TORONTO — An energy company must immediately pay about $14 million to another company even as it seeks to fight the award before Canada’s highest court, the Ontario Court of Appeal ruled on Wednesday.
In dismissing a stay of an earlier ruling, the Court of Appeal decided that allowing Alectra Utilities to hold off paying what it owes Solar Power Network would not serve the interests of justice.
The issue arose in September 2016 when Alectra cancelled a financing agreement with Solar Power for the construction of solar-power projects in Ontario. Under a contract in which they had agreed to binding arbitration, Solar Power asked an arbitrator to award them $19.5 million in damages. Court records show the arbitrator concluded Alectra had terminated the deal illegally, and awarded Solar Power $12.3 million for lost profits.
A lower court judge set aside the award on the basis that it might have been unreasonable or even wrong. Solar Power appealed.
Earlier this month, the Court of Appeal found the parties had agreed under their deal to final and binding arbitration, which prevented one of them from taking the case to the courts except in the narrowest of circumstances.
As a result, the court found, a judge had been wrong to set aside the arbitrator’s award on the basis that it might have been unreasonable or even wrong. The court ordered Alectra to pay the award plus other costs.
Alectra went back to the Court of Appeal to ask for an urgent stay of the ruling pending the outcome of its efforts to have the Supreme Court of Canada weigh in.
While Appeal Court Justice David Paciocco agreed Alectra had a reasonable case and would suffer some real damage, he denied the stay.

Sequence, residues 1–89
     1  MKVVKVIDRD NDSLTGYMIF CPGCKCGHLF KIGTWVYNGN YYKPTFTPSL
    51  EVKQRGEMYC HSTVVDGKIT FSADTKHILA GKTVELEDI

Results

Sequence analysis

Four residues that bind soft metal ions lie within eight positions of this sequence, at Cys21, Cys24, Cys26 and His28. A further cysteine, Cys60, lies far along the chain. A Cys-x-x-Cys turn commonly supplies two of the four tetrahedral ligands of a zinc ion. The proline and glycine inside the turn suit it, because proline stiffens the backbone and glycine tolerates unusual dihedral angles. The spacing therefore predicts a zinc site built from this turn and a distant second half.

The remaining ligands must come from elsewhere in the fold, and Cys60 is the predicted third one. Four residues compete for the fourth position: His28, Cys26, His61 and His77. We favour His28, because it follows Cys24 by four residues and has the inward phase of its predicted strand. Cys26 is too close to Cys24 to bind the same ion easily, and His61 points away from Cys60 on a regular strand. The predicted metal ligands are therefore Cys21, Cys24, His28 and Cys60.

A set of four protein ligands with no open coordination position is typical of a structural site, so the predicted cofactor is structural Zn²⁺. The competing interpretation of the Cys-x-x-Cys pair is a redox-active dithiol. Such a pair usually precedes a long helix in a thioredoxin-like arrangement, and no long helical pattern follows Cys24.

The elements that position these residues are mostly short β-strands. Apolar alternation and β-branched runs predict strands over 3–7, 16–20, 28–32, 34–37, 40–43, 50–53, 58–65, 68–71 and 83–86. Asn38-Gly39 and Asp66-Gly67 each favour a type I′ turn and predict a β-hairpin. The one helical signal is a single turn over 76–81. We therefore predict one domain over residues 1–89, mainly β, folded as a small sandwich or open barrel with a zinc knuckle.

“Alectra has earnings and assets in the billions,” the Appeal Court ruled. “While there is a modest risk that, if the stay is denied, Alectra may end up losing money that it could prove to be entitled to, the intensity of that risk pales next to the risk to (Solar) if the stay is granted.”
In his reasons, Paciocco noted that Solar Power was having serious cash-flow problems that were threatening its viability.
“Its creditors, owed approximately $7 million, are standing down in the expectation that (Solar) can collect the damages this court has determined (it) is entitled to,” Paciocco wrote. “If this court’s decision is stayed, (Solar’s) continued viability will be placed at increased risk by those creditors.”
Enforcing the court’s decision would solve the liquidity problems that are preventing Solar from competing for lucrative contracts, he said.
“It is not too much to say in these circumstances that there are existential risks to (Solar) if a stay is granted,” Paciocco said. “If those risks materialize and (Solar) does ultimately prove to be entitled to the damages award this court has upheld, the damage that the stay of enforcement will cause cannot readily be undone.”
Alectra will also have to pay another $7,500 to Solar for its failed stay motion.